The new renovations to Sampson Hall come with a price.
The renovations of nine of the 13 housing facilities are part of a five-year plan proposed by the housing department.
The cost of these renovations has yet to be determined or approved by the legislature. However, there is speculation of an increase in the cost of room and board for students residing on campus next year.
“The proposed rental rate increase is based on services that we intend to offer students in the coming years,” said Jerry Moore, director of housing.
“There will be an increased cost of maintenance and other operational issues.”
The plan to renovate came from feedback that the housing department received from residents.
“The housing department decided in May 2002 that we would have to make renovations to address students concerns about the resident halls,” Moore said. “The renovations are designed to do four things: to address student concerns: to be more customer oriented, to make the students’ stay in the residence halls a pleasant one, and to compete with the outside market.”
When plans for the increase went before the Board of Trustees, SGA President Andre Hammel was the only trustee who opposed.
“I voted against the increase because the housing department presented the framework and not a detailed plan,” Hammel said.
“The overall intent is great, but before you vote to increase housing you have to have a plan in place.”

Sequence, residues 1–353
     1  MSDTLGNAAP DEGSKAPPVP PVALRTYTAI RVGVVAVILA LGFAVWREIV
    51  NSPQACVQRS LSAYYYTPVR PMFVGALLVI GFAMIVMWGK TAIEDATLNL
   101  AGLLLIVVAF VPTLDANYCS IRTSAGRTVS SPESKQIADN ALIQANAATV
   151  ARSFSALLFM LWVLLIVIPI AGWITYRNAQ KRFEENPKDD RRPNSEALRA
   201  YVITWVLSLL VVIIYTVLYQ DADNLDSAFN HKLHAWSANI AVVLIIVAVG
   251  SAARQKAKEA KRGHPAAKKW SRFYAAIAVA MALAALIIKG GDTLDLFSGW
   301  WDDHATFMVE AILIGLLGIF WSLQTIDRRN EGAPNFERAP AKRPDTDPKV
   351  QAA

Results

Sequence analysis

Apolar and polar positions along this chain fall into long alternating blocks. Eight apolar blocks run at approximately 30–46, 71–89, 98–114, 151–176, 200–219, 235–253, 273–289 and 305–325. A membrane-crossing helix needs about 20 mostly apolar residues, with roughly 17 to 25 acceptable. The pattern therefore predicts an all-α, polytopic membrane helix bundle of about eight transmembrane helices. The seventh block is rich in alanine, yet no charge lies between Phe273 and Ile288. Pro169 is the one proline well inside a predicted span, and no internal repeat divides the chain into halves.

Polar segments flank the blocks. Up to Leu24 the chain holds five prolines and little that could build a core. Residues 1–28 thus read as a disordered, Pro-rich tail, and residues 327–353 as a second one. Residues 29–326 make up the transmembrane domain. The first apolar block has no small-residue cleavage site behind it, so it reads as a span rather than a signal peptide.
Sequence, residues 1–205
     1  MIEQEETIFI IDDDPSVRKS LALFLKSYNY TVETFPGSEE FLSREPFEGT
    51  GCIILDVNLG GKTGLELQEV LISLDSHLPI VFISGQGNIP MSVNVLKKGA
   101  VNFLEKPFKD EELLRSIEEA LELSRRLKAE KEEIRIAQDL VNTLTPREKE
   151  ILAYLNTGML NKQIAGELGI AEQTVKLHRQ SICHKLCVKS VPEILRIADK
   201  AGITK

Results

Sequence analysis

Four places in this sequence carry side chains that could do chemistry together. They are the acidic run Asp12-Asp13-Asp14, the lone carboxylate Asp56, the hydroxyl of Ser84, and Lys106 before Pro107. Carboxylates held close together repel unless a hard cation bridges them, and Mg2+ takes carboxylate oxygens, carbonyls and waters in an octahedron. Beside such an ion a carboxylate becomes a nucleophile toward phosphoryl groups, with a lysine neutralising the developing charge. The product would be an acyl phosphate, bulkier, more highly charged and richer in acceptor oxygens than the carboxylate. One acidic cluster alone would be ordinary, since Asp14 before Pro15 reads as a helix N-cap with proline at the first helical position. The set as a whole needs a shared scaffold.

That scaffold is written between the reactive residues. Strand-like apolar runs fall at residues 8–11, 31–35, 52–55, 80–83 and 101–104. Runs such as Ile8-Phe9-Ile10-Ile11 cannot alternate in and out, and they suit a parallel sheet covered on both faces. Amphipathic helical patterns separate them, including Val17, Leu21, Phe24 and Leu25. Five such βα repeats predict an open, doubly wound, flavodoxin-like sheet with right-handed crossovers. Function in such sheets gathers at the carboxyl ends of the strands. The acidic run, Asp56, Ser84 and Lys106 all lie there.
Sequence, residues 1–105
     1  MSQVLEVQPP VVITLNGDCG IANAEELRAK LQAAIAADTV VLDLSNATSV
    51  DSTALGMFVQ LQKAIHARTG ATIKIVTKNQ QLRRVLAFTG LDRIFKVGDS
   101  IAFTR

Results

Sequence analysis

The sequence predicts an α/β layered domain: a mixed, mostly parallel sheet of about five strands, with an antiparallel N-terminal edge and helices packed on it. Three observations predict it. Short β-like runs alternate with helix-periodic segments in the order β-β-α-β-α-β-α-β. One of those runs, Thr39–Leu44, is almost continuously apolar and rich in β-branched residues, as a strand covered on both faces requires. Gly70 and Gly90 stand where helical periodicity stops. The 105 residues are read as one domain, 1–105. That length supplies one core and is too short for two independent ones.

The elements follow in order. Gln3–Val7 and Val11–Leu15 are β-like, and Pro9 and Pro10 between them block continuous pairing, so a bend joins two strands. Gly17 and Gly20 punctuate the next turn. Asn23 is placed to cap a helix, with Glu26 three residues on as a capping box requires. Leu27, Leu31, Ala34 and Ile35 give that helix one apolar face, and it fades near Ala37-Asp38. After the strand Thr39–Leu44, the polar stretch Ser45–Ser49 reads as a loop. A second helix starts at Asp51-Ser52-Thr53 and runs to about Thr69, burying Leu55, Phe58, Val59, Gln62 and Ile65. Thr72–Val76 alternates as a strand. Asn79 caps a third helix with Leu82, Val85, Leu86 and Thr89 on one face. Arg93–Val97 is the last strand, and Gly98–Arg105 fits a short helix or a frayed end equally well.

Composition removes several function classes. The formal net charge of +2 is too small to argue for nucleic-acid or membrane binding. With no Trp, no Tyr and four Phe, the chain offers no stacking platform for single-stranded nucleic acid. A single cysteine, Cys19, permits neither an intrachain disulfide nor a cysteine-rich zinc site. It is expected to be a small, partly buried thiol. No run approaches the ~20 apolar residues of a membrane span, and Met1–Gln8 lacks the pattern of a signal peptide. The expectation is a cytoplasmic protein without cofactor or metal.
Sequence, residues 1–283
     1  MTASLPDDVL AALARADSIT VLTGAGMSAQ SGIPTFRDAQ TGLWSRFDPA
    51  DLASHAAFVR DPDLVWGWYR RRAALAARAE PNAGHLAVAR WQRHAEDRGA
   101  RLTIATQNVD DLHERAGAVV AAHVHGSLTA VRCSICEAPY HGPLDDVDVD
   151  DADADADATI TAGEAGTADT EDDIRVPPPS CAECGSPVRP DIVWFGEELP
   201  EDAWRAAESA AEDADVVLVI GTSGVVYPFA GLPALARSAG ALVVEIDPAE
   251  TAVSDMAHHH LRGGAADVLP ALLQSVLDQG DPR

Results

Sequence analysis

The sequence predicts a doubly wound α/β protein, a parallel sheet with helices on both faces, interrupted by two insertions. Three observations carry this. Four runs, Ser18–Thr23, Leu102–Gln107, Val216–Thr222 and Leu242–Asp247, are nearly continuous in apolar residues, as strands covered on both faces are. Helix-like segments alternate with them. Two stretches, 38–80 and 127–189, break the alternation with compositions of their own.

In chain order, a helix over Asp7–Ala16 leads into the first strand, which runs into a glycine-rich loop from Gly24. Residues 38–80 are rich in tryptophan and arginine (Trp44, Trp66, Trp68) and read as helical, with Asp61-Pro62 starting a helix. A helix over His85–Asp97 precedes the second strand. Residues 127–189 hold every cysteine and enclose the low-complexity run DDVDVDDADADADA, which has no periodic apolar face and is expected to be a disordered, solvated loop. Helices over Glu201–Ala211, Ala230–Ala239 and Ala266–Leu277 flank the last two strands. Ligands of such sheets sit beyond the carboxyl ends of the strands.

The renovations will also create a relocation of residents to other housing facilities. Students will have a farther distance to walk to classes.
Moore said students have nothing to worry about because the department is in the process of negotiating a “cost-effective” system with the City of Tallahassee transportation department.
“We are working with the city to have buses routed so they will go by the front door of the facility,” Moore said.
As a resident of Sampson Hall, Raleigh Stewart is concerned with having to pay more to possibly live in a new facility when the old dorms should have be replenished a long time ago.
“It’s not fair to students who are just coming to the school,” said the 18-year-old freshman pharmacy student from Orlando. “They are just now deciding to renovate certain facilities when they could have done it years ago.”
Stewart also has questionable faith in the proposed transportation system.
“The buses are rarely on time,” Stewart said. “This will inconvenience students. They will have to get ready for school earlier just to make it to class on time.”
Hammel said students should not be concerned with the inconvenience of possibly moving to another facility or paying too much for tuition.
“There is a long-term gain in the end,” he said. “If you want your crops to grow it has to rain.”